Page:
[Clayart] pyrometer testing.

David Woof woofpots at hotmail.com
Sat Oct 23 18:51:04 UTC 2021

HI Everyone,

In following this Pyrometer thread, I have only seen mention of the "Thermocouple" once.  And nothing mentioned about the significant part the Thermocouple plays in "Thermocouple Drift" in relation to pyrometer readout accuracy.

All Pyrometers with wires attached depend on the Thermocouple providing an electrical signal.
Which signal changes over time in relation to the Thermocouple's eventual physical deterioration.

Cone packs placed throughout the setting give one the most accurate information regarding the "Time/Temp - Heat Work" the glazes and clay body are responding to for maturation.

FYI....the MINI MAG flashlight puts out more than enough candle power to vividly illuminate the cones firing at cone six.  And is certainly worth having a go at cone 10.

A bending cone pointing to a point on an imaginary clock face indicates what to do next in my firing.

Yet I too have Pyrometers installed on my kilns, but give them a 50-degree margin for error and keep new spare thermocouples ready to go.
Pyrometers can tell me the direction the wind is blowing, but not accurately how many steady knots, or when to drop anchor.

(Try them on a wood firing kiln, follow them faithfully thru each stoking cycle until the White Coats come for you for a ride to the Rubber Room.)


David Woof.................................................................................................................
From: Clayart <clayart-bounces at lists.clayartworld.com> on behalf of mel jacobson <melpots at mail.com>
Sent: Saturday, October 23, 2021 6:20 AM
To: clay art <clayart at lists.clayartworld.com>
Subject: [Clayart] pyrometer testing.

Colleen and I fired both of our stoneware kilns
this last week at the farm.
She fired the big stoneware and I fired the smaller one.

I have done some gas plumbing changes to both kilns, adding
a high temp regulator at the kiln end with a tee connection
to both burners so they each fire the same, all the time.
(much easier to chart as we can use the numbers on the gauge)

We have added high temp regulators at both kiln's tanks.
(jeff from the gas company installed them/ near 40 lbs of pressure.)

The difference in firing speed and efficiency is amazing for both the
big stoneware and the hard brick salt kiln.  We are now under 8 hours for
the salt kiln and in the past it was always 12+.

We used the digital pyrometer on the big stoneware, +cones of course.
I used my older analog pyrometer and the infa-red gun.

Some early results by changing pyrometers around and using the gun
indicates the digital pyrometer as expected was low at cone 11 by almost
30 degrees. My analog was closer but did not give accurate numbers at cone
11.  I fired cone 11 flat, Colleen prefers cone 11 at 2 o'clock.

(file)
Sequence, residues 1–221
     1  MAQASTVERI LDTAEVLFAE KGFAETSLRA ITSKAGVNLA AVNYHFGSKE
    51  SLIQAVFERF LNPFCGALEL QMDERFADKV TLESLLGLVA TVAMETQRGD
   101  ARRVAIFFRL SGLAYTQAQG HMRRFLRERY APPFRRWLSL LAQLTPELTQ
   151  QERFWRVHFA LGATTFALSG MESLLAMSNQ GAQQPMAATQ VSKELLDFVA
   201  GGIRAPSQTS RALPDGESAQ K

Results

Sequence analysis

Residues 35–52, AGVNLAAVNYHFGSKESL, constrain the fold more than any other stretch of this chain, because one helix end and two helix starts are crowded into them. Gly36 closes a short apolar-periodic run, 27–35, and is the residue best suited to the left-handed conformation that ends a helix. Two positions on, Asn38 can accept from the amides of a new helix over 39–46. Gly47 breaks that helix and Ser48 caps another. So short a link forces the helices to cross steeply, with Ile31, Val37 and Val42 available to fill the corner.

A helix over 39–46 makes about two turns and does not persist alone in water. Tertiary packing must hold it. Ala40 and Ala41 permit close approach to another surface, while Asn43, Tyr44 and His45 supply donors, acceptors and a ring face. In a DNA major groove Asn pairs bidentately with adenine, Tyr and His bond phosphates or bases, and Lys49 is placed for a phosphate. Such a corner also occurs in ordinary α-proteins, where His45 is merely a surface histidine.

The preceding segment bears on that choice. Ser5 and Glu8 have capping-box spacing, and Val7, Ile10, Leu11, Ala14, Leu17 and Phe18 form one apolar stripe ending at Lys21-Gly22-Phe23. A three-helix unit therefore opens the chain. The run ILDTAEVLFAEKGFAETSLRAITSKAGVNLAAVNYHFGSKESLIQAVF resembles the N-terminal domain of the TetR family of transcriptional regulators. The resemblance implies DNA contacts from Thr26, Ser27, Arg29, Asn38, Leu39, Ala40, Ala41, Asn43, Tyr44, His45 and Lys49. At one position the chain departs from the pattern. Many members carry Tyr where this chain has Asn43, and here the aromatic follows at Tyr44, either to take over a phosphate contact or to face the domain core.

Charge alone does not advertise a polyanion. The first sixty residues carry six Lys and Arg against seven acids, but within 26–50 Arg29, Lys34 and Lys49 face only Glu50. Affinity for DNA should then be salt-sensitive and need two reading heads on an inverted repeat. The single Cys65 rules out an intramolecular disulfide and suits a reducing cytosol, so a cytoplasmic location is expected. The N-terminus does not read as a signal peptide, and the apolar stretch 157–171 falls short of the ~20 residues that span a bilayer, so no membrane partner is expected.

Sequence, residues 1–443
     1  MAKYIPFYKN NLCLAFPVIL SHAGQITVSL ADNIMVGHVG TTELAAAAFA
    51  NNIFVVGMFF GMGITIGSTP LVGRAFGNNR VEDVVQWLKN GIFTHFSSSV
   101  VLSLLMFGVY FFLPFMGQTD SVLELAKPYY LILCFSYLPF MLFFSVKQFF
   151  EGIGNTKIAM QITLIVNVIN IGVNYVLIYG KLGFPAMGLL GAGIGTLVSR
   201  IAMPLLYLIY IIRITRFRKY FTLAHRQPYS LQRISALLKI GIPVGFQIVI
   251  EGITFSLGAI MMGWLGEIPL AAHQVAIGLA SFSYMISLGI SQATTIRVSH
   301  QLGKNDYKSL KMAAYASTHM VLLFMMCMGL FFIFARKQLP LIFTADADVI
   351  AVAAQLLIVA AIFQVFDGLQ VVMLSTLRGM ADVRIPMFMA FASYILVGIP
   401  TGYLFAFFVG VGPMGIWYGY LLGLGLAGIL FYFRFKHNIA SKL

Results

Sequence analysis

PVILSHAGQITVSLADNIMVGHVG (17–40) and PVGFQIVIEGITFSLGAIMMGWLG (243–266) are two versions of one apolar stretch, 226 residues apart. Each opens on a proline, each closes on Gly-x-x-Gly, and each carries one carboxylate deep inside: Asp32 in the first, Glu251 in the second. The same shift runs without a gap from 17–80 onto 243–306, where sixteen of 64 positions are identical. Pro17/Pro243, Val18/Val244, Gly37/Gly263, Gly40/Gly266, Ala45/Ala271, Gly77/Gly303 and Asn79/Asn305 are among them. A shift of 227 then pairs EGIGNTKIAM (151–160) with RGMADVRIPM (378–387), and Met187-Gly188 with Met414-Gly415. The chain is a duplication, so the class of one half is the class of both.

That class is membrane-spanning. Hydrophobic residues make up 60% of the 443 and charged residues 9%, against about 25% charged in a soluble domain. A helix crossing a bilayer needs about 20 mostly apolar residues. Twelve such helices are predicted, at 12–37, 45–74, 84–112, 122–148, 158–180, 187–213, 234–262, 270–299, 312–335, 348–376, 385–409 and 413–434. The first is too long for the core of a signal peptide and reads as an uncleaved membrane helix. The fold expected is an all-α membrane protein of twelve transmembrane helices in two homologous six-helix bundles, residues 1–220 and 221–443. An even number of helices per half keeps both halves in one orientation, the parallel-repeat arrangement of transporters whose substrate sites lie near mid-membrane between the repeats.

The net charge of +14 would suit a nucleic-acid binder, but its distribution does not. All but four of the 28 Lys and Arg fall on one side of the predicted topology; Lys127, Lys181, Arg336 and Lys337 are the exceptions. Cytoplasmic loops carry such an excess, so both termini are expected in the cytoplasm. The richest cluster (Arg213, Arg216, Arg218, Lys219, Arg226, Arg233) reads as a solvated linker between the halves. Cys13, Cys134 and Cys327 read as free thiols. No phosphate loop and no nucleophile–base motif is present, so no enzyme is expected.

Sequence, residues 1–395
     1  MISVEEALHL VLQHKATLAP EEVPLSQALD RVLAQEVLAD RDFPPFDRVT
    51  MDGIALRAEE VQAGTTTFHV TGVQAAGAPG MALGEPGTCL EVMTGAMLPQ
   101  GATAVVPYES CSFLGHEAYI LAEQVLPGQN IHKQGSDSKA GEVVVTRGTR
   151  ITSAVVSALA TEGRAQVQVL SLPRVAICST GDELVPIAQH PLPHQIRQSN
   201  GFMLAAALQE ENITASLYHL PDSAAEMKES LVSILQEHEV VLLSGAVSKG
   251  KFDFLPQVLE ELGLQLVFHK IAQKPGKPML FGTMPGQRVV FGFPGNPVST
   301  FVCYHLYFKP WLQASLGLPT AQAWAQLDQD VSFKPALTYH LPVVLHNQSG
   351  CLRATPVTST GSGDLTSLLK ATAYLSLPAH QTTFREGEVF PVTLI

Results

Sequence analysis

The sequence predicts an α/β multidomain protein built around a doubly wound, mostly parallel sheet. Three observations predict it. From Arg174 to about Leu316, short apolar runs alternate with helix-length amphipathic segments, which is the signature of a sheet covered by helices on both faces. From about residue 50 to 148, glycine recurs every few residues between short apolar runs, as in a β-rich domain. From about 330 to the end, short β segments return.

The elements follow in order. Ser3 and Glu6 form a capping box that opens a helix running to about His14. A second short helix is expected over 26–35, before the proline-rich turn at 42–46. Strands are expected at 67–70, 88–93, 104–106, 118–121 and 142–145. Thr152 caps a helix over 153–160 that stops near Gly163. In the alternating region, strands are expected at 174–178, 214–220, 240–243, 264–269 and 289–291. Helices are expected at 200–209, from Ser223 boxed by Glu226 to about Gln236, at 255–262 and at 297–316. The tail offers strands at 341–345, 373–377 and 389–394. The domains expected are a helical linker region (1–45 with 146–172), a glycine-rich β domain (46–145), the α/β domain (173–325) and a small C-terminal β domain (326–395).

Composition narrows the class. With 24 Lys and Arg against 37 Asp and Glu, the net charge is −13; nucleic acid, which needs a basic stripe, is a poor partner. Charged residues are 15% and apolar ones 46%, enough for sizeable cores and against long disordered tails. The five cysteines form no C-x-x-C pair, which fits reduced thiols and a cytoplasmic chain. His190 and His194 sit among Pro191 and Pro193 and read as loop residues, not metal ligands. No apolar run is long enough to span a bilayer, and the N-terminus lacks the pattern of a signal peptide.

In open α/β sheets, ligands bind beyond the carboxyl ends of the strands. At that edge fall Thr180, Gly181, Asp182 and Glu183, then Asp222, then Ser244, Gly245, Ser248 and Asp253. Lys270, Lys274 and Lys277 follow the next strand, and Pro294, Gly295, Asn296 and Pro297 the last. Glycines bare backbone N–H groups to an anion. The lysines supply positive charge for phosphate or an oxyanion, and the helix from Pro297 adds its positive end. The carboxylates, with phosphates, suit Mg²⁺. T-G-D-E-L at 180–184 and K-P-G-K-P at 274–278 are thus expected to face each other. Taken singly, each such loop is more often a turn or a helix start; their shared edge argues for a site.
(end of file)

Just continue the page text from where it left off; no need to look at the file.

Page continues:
For around 50 bucks the infa-red gun is a great helper. One has to turn down
the pressure for a minute or so as you do not want back pressure flame. You have
to get close to the peep and aim to the center of the kiln. At cone 9 the gun
read 2321F. Damn close.  It too read low at cone 11 over.

The best news for me is that all three pyrometers give very accurate readings
during the firing. We know when to reduce, when to change settings etc.

I have attached the analog pyrometer to my small kiln with all wiring stapled
in place.  It also has a sign..."Do not move"  "EVER".  I have marked that
dial so that when cone 11 is going over it hits a spot. dead on.

Of course nothing takes the place of cone 9,10,11 for accurate firing.
I am using one analog pyrometer on the electric bisque kiln. It sticks in
place at 2000 but reads well for bisque temps.

I have hammered three analog pyrometers and one digital. In the dumpster.
When we have guests in firing, it was common for them to dig out my old
pyrometers and have them reading the wrong numbers...so out they went.

In talking on the phone to some heat engineers they all agree when measuring
devices start to act up...hammer them. They do not fix. They all agree that
digital is the best, with the infa-red gun as your back up. CONES WORK.
as we all know, engineers work with very high tech
industry with amazing perfection. They never mess with pottery kilns so
we are always the last to know.

And without doubt, all heat measuring devices are very fragile. I like mine
attached to the kiln.
ps, and remember, we as potters are often victims of what your propane dealer
supplies. At times you must argue for more pressure.  It took a long time for
me to become a trusted friend of "Jeff". He now "gets it".  but for many, kilns
are running with house pressure and that means long firings. "often they do not
listen as they don't understand."

I bought $1500 of gas for the winter. and in the last week propane went to
$2 a gallon. I paid $1.21, and it could easily go to 3 bucks. (last July I
paid 92 cents.)

website: www.melpots.com<http://www.melpots.com>

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